Backstory and Context
The house was not built to conform to any particular architectural style, but more likely was built to suit the needs and taste of those the house was being built for. With elements reminiscent of the Federal style, such as symmetry and simplicity, but no distinguishing features, it represents a vernacular style home as it does not fit into any particular architectural style but rather may represent a style unique to a particular region. In comparison to earlier homes in the village, the contrasts between the eras of construction can be observed in the slope of the roof, the appearance of the windows, and the overall mass of the house. This house is tall and skinny in appearance, and owing to this the ceiling heights are higher and the space in the attic is most likely accessible for something other than storage. The roof is gabled, front-facing, and steeply pitched.
In about 1810, a two story addition was made to the house, and it is now shaped like an “L.” The home is also unique due to the presence of murals painted by Rufus Porter, a well-known itinerant painter from the 19th century, which cover many of the walls within the house. These murals include a landscape and river scene spanning four walls in the foyer and stairwell. On the first level the windows are 12 over 12 bays, and on the second level the windows are 12 over 8. The centrally-located front door has a fanlight above, and pilasters on either side. The home has a low-pitched, side-gable shaped roof and two end position chimneys.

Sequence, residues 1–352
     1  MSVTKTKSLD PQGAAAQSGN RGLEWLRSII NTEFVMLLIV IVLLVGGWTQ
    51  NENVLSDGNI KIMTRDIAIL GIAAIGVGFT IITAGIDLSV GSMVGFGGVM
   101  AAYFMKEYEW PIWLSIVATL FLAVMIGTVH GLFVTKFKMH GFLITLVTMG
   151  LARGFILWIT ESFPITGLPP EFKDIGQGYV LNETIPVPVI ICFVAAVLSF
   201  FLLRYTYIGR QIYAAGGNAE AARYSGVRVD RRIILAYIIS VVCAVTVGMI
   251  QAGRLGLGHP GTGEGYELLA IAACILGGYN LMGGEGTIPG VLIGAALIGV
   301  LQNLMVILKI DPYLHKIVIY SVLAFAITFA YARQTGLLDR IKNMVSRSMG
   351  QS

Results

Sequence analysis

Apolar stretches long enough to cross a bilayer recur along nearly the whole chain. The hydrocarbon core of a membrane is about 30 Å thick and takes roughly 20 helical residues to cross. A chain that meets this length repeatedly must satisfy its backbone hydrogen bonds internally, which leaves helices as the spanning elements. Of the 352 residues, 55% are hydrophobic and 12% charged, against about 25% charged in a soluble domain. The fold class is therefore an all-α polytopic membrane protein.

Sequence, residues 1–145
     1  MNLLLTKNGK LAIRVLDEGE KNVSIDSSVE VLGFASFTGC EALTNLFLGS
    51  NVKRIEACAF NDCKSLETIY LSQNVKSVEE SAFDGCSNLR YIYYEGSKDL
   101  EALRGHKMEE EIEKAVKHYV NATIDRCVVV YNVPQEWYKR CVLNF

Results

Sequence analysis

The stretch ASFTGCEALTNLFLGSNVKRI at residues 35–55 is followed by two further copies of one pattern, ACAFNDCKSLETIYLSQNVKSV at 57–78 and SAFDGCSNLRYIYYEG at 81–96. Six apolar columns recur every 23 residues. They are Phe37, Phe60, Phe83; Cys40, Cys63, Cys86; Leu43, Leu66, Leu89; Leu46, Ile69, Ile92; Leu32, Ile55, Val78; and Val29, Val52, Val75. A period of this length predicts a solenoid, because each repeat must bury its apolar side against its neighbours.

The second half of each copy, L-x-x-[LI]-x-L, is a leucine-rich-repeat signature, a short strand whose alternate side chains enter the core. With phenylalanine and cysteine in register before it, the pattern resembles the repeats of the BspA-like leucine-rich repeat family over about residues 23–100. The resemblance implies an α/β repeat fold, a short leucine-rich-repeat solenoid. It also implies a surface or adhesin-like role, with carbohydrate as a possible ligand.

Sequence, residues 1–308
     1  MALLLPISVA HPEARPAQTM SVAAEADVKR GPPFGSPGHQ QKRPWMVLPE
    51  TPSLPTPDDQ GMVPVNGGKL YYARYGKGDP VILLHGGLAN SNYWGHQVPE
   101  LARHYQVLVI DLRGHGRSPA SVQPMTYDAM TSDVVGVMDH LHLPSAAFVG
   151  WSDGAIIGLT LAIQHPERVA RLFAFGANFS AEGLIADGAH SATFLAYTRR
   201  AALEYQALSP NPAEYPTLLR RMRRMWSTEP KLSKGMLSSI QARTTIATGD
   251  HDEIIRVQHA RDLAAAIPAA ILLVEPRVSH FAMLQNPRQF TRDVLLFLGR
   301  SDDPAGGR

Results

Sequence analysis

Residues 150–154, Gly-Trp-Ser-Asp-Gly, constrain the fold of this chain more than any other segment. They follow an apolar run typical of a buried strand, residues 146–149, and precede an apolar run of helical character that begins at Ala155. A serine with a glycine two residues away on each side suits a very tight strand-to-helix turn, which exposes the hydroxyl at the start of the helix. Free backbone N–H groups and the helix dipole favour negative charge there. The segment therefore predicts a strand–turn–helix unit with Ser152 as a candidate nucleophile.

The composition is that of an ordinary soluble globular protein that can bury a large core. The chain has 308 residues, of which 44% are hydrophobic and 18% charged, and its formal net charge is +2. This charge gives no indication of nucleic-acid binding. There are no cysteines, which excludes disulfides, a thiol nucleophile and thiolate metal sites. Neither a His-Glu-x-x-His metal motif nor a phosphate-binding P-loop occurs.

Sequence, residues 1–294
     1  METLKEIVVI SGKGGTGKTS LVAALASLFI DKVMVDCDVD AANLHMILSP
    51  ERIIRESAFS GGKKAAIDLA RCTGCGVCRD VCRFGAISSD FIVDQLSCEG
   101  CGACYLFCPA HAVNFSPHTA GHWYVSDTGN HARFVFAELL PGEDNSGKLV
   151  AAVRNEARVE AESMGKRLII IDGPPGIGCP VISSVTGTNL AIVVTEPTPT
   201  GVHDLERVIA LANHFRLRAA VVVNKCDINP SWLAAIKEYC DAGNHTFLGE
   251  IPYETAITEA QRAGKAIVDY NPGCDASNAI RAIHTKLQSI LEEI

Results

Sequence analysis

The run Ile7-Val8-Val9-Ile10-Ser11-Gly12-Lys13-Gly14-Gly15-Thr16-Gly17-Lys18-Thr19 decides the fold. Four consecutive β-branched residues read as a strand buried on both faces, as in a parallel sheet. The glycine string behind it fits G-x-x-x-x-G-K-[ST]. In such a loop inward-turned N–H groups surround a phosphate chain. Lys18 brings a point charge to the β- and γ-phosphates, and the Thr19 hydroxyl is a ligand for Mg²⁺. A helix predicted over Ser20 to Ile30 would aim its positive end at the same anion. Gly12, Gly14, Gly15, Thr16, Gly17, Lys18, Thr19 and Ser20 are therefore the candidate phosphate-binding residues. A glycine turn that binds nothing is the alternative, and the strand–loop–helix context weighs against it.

Krenzer, Samantha. Rocks Village Historic District Architectural Walking Tour. Haverhill, Massachusetts. Buttonwoods Museum.
Rocks Village in Haverhill, Massachusetts. Accessed June 9th 2020. http://www.rocksvillage.org/.
Rocks Village Historic District. National Register of Historic Places Inventory - Nomination Form. Published December 12th 1976.
Senter Digital Archive, Haverhill Public Library. Accessed June 9th 2020. https://haverhill.pastperfectonline.com/.